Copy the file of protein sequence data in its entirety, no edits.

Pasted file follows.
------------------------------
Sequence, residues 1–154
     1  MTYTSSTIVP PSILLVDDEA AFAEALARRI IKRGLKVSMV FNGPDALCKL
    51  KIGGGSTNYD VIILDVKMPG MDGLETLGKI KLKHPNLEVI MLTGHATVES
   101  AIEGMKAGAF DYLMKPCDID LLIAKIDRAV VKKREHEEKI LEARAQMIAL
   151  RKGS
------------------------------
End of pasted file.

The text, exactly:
Sequence, residues 1–154
     1  MTYTSSTIVP PSILLVDDEA AFAEALARRI IKRGLKVSMV FNGPDALCKL
    51  KIGGGSTNYD VIILDVKMPG MDGLETLGKI KLKHPNLEVI MLTGHATVES
   101  AIEGMKAGAF DYLMKPCDID LLIAKIDRAV VKKREHEEKI LEARAQMIAL
   151  RKGS